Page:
Pandemic impacts my younger brother in unforeseen ways

December 11, 2020 — by Angelina Chen

My brother plays a video game, Celeste, during online school hours.

The pandemic has greatly affected my senior year, but it’s been worse for my 7th grade brother. From what I have seen, the loss of an important year of education has dealt a particularly devastating blow to younger students. 

Every morning, after dragging himself out of bed to get to his Zoom classes, he is faced with an unfortunate dilemma: Click on the Minecraft app or stay on Zoom. 

As a middle schooler who is challenged when it comes to self-control, my brother is on the more game-addicted side of his classmates. Even in pre-pandemic times, he would play video games during his breaks in school. Ten months into quarantine, his addiction has only become worse. 

Along with a somewhat serious video game obsession, my brother has become a master at hiding whatever YouTube video, Discord chat or video game he was stealing looks at during his supposed study time. Some of my favorite strategies of his include minimizing the screen into a very small box in the display corner, pretending to close game applications when our parents roll around and the classic hurried tab switch. 

All jokes aside, though his (surprisingly successful) attempts humored me for a while, I can see his procrastination increase to the point of him regularly going to sleep around midnight, way too late for a middle school student. Time lost from playing around also predictably leads to lower grades and decreased self-confidence, which in turn leads to a loss of motivation and creates a vicious circle.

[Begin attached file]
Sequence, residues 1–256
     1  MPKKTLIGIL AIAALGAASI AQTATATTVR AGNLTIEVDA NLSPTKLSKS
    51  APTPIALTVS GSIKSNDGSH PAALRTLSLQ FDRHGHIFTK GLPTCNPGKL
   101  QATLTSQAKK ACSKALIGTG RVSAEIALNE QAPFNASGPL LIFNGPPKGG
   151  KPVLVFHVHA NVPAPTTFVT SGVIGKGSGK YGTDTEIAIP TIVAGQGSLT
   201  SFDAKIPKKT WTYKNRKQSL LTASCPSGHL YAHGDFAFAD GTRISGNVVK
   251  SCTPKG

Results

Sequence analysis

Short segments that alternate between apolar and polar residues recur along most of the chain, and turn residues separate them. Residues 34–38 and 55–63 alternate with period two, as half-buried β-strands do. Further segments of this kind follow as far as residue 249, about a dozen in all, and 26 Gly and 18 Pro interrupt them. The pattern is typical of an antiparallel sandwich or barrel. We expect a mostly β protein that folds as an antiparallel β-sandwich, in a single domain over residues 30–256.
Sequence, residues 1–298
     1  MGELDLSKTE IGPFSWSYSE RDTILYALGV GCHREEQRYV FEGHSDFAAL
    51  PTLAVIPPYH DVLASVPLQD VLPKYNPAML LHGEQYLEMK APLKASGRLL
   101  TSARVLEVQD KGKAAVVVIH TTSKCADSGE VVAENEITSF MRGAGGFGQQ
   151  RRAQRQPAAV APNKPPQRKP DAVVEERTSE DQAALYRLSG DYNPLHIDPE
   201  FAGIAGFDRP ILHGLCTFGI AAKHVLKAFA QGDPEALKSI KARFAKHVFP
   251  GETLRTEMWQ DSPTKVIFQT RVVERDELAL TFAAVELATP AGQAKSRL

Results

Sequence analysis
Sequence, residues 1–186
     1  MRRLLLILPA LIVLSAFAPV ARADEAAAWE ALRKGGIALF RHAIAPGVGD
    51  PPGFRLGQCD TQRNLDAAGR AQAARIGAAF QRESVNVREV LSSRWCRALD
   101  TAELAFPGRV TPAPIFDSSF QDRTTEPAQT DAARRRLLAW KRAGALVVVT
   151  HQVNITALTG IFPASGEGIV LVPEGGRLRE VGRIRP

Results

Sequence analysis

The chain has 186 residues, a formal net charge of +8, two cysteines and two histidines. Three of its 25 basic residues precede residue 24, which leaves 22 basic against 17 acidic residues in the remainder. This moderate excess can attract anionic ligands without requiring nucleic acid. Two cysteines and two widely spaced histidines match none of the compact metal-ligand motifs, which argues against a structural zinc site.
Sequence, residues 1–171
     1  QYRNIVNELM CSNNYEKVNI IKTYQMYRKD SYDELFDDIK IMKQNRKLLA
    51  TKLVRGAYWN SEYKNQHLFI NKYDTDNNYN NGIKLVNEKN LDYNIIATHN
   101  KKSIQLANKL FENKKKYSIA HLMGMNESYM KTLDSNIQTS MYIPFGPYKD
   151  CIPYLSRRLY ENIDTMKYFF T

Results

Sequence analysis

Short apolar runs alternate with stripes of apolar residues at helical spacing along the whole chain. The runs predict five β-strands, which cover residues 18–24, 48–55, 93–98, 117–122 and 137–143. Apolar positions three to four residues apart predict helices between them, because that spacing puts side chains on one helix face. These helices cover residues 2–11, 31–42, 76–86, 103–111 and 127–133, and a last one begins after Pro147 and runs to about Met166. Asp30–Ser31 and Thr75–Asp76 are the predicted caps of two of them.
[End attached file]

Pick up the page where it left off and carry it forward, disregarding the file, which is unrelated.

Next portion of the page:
With fewer social interactions with his friends, he gets aggravated more easily over small things such as needing to do simple chores and making a mistake in a video game. The only time he gets to chat with friends now is during increasingly fewer in-person basketball games and on Discord while playing multiplayer games. Because middle school is a crucial time for adolescents’ social development, this isolation may result in a more distanced generation as they grow older without proper social experience.

Out of all the negatives that come from quarantine, the one positive is that as siblings, we’ve become closer and more tolerant of one another (although I never try to get on his bad side). Without his friends at the drop of a hat to chat about the newest PewDiePie video or a new game like “Among Us,” I have become his outlet for all things game and YouTube-related. Turns out, I remember more about my Minecraft days than I thought. 

Although I cannot predict the long-term effects on my brother, I see how having so many on-hand distractions can seriously damage his ability to learn crucial material properly. It may even hurt his ability to focus and interact with friends in the future. For even younger students in elementary school, isolation may affect their future social behavior, increase overall stress levels and reduce cognitive ability. 

As soon as possible, schools, counties and parents need to realize the extent to which the development of their young students has been impacted and prioritize opening schools to minimize long-term social and intellectual consequences. Impacts of the virus need to be weighed against the damage to younger students’ mental, learning and social ability. In my home, the damage to my brother’s education and well-being has been significant.


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